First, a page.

7) “As for Amtrak long-distance routes, trains typically pass through vibrant and growing intermediate cities at such inconvenient times and with so few frequencies as to discourage a wealth of new riders. ‘We must address younger riders early in their working careers who seek commercially relevant 21st century service, not the 20th century Amtrak model,’ Gardner says.”

I agree! But instead of merely throwing the long-distance routes over the side, what if Amtrak actually studied how the long-distance routes could link the intra-regional routes?

8) “Inescapable is that, of 32 million Amtrak riders last year, just roughly 650,000 booked sleeping accommodations. ‘While we believe there is still a market for long-distance rail travel that provides an experience, the obvious real demand is for corridor trains of 300 to 400 miles connecting intermediate city pairs with frequent, conveniently timed service,’ Gardner says. ‘Corridors work for the same reason unit trains work for freight railroads,’ he says. ‘We must focus on actually moving people by offering convenient alternatives to congested highways and limited air service—not just traversing landscape.’” 

When will Amtrak learn how rail transport works in America? We are the benefactors of how the private railroads actually made it happen, particularly post-World War II, e.g., AT&SF’s Super Chief/The Chief; Great Northern’s Empire Builder/Western Star.

What was not stated, to put it in proper perspective, is how much revenue was derived from those 650,000 sleeper rides? But, to what extent is that now at risk, given the changes in on-board food/beverage services, higher costs, and OTP almost non-existent, creating the problem of missed connections. Personally, I will not pay the current exorbitant ticket price to ride in a sleeper, as times have certainly passed from even contemplating the ride.

10) “Dollars, of course, are scarce, and wants are plentiful. The 457-mile NEC, for example, which is owned by Amtrak—except for 103 miles under state ownership—has an estimated backlog of $40 billion in capital projects just to put it in a state of good repair.”

When will Amtrak come front and center to decisively admit it never should have been burdened with the NEC, as Amtrak was intended to be only an operator? Given the history of extensively deferred maintenance and the overwhelming usage by the multiple regional/commuter lines between Boston and Washington, the NEC should have never jeopardized Amtrak’s financial position to provide a national system. Instead, the NEC should have remained a federal property after Conrail’s emergence in 1976, ensuring fair dispatching and prompt payment by all users for operations and infrastructure.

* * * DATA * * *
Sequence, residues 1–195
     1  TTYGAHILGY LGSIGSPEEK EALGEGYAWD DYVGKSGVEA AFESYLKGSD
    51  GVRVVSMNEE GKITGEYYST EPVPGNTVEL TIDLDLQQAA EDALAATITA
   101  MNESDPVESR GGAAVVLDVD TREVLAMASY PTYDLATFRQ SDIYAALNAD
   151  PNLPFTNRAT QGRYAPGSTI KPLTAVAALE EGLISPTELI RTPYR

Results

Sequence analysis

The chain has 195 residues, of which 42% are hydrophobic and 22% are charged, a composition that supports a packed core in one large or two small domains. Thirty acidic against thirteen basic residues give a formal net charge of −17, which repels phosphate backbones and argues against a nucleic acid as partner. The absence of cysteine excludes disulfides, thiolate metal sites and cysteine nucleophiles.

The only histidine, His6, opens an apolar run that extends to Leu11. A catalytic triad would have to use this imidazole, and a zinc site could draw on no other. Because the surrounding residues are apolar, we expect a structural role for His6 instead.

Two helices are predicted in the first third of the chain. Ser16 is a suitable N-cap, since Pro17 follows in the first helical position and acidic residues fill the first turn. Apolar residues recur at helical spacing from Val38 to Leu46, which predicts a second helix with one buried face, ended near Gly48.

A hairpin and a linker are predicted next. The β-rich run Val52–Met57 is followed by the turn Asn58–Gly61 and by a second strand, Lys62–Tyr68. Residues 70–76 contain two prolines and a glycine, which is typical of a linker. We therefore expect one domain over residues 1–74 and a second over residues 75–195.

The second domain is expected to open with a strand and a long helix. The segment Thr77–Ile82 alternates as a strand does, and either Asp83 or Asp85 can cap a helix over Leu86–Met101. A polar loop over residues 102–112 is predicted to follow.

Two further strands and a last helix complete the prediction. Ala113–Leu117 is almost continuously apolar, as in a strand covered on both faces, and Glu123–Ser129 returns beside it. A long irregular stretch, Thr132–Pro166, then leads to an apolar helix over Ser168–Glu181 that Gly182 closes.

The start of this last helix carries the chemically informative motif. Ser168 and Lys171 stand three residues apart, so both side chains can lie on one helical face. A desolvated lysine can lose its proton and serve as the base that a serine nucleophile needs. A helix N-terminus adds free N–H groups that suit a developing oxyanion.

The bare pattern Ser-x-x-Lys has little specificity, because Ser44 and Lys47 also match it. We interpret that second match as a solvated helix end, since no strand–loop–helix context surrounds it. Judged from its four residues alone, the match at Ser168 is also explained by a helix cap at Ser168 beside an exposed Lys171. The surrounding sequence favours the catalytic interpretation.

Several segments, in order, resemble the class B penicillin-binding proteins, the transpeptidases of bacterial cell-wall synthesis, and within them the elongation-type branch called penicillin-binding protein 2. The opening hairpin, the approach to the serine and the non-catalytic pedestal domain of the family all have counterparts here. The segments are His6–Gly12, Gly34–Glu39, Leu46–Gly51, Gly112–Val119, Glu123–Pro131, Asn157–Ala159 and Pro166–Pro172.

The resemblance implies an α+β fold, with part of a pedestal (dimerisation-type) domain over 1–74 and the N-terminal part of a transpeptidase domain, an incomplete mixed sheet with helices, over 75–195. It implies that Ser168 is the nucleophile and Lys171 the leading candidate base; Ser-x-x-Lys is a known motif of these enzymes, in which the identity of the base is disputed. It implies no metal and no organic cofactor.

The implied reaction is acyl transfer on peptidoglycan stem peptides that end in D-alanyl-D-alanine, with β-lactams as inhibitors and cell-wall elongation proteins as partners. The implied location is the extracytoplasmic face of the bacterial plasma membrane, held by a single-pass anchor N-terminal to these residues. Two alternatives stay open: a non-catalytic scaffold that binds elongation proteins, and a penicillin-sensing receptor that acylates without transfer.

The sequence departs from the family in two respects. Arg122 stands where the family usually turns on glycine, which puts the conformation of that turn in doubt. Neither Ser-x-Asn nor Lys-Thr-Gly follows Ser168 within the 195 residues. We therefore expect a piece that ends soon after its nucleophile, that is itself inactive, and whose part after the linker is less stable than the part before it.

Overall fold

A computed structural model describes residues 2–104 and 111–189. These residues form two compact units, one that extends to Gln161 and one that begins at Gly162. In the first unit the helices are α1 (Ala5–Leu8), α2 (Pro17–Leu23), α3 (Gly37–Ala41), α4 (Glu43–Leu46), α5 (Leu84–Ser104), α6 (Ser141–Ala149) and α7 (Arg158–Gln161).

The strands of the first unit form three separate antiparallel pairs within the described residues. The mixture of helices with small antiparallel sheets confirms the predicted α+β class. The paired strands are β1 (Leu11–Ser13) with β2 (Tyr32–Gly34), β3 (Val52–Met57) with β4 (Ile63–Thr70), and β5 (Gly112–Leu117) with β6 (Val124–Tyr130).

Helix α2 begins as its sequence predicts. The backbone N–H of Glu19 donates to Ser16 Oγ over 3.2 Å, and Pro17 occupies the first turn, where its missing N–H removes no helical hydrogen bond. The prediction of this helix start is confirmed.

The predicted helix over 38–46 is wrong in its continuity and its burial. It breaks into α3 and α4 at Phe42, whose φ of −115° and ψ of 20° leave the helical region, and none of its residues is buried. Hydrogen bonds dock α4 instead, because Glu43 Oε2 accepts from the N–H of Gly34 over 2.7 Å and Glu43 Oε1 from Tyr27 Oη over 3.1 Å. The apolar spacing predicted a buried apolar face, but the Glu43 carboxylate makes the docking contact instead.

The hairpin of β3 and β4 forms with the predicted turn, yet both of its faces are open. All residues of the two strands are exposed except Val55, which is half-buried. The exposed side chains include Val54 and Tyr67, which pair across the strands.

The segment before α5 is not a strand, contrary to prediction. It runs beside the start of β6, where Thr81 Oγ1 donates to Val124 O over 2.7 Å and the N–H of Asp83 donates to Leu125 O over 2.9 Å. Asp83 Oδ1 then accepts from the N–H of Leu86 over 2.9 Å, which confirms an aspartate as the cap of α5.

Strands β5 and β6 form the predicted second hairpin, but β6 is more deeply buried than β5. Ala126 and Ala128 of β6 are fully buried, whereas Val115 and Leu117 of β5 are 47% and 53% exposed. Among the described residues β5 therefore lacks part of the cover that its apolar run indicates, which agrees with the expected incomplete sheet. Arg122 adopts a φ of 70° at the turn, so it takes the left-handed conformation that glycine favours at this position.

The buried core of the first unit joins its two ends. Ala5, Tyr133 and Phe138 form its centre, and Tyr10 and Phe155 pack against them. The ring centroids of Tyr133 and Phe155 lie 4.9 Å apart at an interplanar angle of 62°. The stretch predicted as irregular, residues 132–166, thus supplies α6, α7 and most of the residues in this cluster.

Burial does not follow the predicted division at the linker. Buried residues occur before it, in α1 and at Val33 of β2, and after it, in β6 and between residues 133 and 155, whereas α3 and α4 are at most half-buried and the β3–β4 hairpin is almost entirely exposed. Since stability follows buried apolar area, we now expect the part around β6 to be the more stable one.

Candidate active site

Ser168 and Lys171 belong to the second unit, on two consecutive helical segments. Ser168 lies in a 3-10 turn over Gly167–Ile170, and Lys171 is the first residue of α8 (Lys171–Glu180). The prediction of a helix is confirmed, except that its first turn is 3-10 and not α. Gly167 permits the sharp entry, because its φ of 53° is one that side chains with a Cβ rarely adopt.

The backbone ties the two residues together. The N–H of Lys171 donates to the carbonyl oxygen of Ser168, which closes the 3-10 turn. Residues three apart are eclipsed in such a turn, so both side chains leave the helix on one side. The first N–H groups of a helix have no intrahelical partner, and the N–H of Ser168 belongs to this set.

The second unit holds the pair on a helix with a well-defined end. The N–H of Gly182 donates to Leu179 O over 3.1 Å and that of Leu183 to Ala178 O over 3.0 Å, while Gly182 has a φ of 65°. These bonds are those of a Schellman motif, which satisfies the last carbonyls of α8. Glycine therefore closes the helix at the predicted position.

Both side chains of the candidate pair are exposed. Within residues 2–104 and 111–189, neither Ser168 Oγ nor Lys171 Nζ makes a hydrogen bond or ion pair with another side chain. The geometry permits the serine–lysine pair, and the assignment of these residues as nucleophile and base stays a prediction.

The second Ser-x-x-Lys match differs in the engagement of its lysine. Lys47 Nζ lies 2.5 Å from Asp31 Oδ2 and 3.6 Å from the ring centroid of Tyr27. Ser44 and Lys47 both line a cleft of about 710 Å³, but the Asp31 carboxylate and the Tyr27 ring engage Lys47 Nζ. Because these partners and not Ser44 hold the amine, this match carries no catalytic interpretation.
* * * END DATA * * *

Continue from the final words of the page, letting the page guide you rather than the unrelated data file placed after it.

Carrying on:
11) “What we are pursuing is incremental progress through continual financial improvement while growing ridership.”

This does not make sense. It starts with the fact that Amtrak’s management team has received bonuses on the basis of cutting costs. How does an incentive to push cost-cutting enhance the customer experience, which certainly impacts improving finances and ridership?

12) “As for an increasingly acrimonious relationship with freight railroads that host most Amtrak intercity trains—a kerfuffle playing out in the courts—Gardner says the freight network is ‘not optimized for the quality we need. I take some level of excitement with Precision Scheduled Railroading, which means running freight trains as we run passenger trains—concrete schedules and a high level of reliability. As they move toward that, it could be great for us.’”

What? Amtrak has to come to terms with the Class I’s; actively encouraging P3 investments for facilitating infrastructure improvements. Private ownership of rail infrastructure cannot be dismissed.

A final word to Amtrak: With this analysis, it behooves Amtrak to continue the dialogue and openly discuss issues of concern. Not all of us are throwing brickbats; however, we do have a concern for how passenger rail will achieve its place in our mode of national transport. In essence, without taking action to modify PRIIA from bleeding the non-NEC states; establishing an accurate, transparent accounting/cost allocation system; coming to terms with the Class I’s for the actual market valuation of their infrastructure today—not 1971, any such proposed revamping of Amtrak’s approach to its national system will be a failed gambit, as we can forecast, “a bridge too far.”

M.E. Singer is an observer and commentator on the passenger rail industry, identifying shortfalls and growth opportunities. He is currently Principal at Marketing Rail Ltd. in Chicago, a consultancy to achieve passenger rail customer experience and product branding. Singer has prior corporate experience in turnaround operations management, marketing, and mergers and acquisitions in the health care field.

 

Categories: Commuter/Regional, High Performance, Intercity, Passenger Tags: , ,